10. Copyright – the copyright provisions are now more flexible. Clauses 6.2–6.4 (stating that team members retain copyright and grant a licence) only apply if the Agreement contains no provisions regarding intellectual property; if the Agreement contains such provisions they apply to the Material (Specified Information, etc.) ‘back-to-back’. So the Protocol can be used unamended even if the team member will not retain ownership of its intellectual property (e.g. because it will be transferred to the Employer).
  11. Security – a key factor on any project using BIM, as outlined in PAS 1192-5:2015. The new edition therefore refers to: (i) the Built Asset Security Manager; (ii) Security Requirements; (iii) Sensitive Information; and (iv) Employer Remedies if security obligations are breached.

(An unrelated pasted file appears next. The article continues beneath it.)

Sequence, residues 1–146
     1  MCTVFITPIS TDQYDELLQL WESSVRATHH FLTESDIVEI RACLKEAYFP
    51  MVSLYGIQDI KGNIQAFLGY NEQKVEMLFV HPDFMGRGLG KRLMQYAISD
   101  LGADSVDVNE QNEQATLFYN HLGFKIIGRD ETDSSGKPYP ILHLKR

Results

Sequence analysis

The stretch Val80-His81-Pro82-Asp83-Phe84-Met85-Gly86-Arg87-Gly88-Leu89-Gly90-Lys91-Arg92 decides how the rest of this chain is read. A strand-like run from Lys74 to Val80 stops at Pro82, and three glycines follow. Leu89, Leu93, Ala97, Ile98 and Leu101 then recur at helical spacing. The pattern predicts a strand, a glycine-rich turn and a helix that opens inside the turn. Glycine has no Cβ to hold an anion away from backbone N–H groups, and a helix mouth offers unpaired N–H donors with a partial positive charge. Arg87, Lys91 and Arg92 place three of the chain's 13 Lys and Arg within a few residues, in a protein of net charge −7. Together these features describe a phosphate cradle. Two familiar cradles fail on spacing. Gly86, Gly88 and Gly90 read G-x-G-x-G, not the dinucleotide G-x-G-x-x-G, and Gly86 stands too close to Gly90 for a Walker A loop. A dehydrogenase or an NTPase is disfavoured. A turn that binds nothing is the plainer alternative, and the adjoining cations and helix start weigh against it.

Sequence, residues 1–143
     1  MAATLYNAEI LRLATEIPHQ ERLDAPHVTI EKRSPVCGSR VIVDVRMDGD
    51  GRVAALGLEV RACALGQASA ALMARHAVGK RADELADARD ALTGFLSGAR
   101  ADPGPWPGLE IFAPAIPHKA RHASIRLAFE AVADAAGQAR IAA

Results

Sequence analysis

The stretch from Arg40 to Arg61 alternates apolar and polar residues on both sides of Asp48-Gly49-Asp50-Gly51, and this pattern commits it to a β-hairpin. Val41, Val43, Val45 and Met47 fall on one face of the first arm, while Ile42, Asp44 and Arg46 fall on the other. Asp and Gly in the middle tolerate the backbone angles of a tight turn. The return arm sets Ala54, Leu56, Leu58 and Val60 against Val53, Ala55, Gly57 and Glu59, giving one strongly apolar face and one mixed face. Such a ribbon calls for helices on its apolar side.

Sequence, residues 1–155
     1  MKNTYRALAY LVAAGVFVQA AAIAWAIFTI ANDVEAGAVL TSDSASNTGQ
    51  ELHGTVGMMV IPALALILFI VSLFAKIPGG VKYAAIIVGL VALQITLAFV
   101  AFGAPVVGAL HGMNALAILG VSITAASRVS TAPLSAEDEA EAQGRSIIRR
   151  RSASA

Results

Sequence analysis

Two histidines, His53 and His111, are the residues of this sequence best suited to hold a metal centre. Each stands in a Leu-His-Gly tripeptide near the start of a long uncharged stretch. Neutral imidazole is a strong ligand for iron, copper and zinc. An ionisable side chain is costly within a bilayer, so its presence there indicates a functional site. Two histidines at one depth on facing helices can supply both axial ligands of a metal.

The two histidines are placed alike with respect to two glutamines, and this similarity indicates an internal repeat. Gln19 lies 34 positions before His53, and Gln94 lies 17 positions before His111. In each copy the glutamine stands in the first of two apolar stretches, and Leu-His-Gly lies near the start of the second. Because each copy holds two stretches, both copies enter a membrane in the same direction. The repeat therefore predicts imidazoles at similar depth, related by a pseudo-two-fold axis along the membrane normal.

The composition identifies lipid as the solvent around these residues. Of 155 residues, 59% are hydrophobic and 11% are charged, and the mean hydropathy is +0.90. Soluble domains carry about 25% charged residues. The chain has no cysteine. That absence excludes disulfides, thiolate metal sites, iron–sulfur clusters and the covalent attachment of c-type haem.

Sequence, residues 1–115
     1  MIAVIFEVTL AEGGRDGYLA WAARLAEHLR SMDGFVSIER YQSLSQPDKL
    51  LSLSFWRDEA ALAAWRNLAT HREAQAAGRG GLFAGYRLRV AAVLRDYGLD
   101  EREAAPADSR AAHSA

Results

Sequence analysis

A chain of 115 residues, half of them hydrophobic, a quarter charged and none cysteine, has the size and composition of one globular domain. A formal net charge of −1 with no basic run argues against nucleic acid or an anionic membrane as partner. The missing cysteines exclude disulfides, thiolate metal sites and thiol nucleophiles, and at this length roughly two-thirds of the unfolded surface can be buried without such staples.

12. Appendices – the ‘pro forma’ Appendices have been updated to align with the updated Protocol; and are now available in an editable electronic format.

The principal objective “to provide a legal framework to facilitate and promote the use and exchange of electronic data” is unchanged; supporting the move towards a collaborative digital future. Also, the CIC BIM Protocol remains the only model legal document of its kind in the UK, so this updated, more flexible and easier to use edition is likely to see greater uptake in the years ahead; meaning less reliance on separate ‘ad hoc’ Electronic Data Exchange Agreements.

A free download of the new BIM Protocol is available on the CIC website (Click Here).